Friday, March 12, 2010


The Oscars
In the end, I think everyone came out a winner. The Hurt Locker went home with the trophy and they definitely deserved it. The film really used the setting of war to tell a story of addiction and self-conflict. Many people may claim that it only won because of its political agenda, but they would be wrong and I would even question if they actually saw the film. The war is merely a background in the story and at no point can I remember the film showing why one way of thinking is better than another. Avatar's nomination was understandable for the pushing of technology that the film presented. It really took a grandeur approach to melding computer technology and live action film. Its story was not the strongest point, but it didn't need to be. The story simply needs to move the direction and actions of the characters along. I feel that too many people went into Avatar expecting a new and original story. That wasn't the point of the film, the point was to tell a story in a new kind of presentation, and I think that presentation worked.

I was more excited about this year's academy awards than previous years, simp
ly for the new change this year. Instead of only having 5 films in the Best Film category, this year's nominations doubled to 10. This allowed for some of the more popular and widespread films to be considered for Best Film. Some of these included Avatar, The Blind Side, District 9, The Hurt Locker, and Inglourious Basterds. I have been telling everyone that District 9 was my pick for Best Film since I saw it, but I felt that these other films definitely deserved the nomination. In previous years its been a joke when anyone says, "It's an honor just to be nominated," but this year it really rang true. Some of these films were not going to win, but to be recognized among the best of the best is really a compliment to the people who created and worked on them.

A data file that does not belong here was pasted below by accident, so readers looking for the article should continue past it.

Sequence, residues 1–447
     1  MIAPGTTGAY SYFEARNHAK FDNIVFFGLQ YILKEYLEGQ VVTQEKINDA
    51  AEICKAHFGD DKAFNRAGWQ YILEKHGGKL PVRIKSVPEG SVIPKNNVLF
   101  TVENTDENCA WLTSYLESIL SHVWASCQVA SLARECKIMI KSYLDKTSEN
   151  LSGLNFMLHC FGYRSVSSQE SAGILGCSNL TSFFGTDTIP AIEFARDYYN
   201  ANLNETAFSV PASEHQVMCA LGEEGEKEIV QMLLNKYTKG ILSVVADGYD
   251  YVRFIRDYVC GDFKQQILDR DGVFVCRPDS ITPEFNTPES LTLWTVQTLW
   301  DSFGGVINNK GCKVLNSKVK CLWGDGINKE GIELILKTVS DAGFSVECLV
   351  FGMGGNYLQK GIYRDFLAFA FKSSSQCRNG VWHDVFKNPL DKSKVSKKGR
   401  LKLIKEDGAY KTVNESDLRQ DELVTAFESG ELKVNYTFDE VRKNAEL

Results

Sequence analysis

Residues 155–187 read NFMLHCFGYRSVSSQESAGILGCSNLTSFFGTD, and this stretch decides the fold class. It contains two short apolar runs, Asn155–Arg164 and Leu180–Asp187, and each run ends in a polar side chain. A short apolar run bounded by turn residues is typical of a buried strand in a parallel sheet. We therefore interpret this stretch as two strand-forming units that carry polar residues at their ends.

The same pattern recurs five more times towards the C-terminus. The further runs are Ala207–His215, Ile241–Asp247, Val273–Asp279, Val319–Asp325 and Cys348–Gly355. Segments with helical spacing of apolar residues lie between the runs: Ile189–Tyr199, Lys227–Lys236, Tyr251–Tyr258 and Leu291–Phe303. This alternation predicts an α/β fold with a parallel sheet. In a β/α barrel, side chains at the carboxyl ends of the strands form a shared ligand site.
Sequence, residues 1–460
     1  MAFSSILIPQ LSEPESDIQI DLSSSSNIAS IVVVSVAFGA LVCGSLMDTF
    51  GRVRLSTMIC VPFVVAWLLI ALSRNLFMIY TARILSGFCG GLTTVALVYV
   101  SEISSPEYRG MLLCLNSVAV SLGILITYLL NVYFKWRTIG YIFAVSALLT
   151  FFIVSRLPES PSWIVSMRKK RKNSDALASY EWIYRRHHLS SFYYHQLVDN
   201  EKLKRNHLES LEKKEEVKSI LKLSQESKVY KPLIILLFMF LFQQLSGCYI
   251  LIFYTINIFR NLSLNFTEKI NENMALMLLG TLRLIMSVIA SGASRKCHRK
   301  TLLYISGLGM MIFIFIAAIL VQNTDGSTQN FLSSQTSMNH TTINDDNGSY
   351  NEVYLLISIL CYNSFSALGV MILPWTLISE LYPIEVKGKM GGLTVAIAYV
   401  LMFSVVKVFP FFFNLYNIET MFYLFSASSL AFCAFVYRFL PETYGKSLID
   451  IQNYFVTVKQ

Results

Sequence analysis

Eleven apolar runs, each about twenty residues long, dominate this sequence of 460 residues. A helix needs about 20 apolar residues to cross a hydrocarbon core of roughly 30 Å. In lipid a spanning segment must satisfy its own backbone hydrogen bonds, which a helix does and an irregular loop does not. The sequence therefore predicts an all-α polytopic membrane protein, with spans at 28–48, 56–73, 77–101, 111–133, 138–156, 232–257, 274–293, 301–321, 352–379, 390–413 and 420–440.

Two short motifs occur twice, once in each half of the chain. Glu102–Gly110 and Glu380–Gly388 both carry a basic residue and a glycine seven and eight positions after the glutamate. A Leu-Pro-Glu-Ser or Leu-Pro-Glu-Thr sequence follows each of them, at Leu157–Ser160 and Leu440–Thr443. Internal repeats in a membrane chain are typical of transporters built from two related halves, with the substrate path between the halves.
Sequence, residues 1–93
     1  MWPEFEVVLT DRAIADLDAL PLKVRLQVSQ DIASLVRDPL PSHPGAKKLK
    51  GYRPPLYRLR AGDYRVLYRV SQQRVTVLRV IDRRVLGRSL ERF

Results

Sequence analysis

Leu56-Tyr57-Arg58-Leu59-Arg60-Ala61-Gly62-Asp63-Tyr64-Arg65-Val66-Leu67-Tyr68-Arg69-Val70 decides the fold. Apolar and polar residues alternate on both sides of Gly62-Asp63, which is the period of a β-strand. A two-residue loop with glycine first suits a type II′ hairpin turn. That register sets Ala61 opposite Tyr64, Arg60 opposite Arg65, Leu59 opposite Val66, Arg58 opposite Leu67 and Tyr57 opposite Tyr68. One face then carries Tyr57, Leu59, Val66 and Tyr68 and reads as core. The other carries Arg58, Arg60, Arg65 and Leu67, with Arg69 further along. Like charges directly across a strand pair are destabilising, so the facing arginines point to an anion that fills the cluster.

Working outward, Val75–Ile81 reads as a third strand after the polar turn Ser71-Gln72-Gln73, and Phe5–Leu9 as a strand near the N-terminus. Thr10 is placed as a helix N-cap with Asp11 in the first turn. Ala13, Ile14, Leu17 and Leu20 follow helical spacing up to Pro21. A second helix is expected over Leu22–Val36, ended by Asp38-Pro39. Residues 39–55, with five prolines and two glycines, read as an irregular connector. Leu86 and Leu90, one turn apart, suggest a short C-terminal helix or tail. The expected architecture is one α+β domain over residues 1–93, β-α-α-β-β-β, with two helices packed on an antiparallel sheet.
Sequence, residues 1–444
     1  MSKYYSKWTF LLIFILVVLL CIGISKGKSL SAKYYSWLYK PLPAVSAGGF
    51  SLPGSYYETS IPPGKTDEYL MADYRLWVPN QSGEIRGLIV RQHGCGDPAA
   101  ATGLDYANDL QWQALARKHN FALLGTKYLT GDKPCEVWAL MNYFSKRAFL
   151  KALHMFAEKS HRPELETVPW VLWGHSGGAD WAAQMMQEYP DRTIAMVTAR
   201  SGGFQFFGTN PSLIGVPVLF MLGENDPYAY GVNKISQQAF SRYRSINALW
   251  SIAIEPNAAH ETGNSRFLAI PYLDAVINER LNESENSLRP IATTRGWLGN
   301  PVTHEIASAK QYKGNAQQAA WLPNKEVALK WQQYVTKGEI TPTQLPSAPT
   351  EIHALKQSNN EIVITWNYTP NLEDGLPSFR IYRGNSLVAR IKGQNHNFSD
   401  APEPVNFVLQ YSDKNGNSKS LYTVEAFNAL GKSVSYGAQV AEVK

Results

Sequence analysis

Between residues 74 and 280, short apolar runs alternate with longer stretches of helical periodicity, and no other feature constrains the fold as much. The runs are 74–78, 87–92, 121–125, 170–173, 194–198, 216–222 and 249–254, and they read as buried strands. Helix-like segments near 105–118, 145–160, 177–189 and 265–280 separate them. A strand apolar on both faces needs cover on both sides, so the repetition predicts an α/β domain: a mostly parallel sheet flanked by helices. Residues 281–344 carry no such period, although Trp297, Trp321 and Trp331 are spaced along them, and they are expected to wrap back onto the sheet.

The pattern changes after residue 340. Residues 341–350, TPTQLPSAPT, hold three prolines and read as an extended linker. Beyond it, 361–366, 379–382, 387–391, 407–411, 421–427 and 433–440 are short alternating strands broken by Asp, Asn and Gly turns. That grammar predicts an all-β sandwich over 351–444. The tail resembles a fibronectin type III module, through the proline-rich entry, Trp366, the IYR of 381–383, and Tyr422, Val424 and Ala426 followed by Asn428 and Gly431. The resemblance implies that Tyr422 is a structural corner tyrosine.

I have not seen The Blind Side as of yet, but it looked interesting from the commercials/previews I saw, and Sandra Bullock seemed to give a very powerful performance (which I'm glad she won Best Actress, I've been a fan of her work for a while). Inglorious Basterds was a great film and I applaud Tarantino for using subtitles for most of the film. It makes each character feel real and authentic. District 9 had been my pick for best film of the year, and with good reason. While the very basic themes of the film have been used before, it was very original to use the themes in the way that Neill Blomkamp did. I would argue that it is the most original science fiction film I've seen in the past decade. Not to mention Sharlto Copley did an amazing job as Wikus van de Merwe for his first time acting.

Alice in Wonderland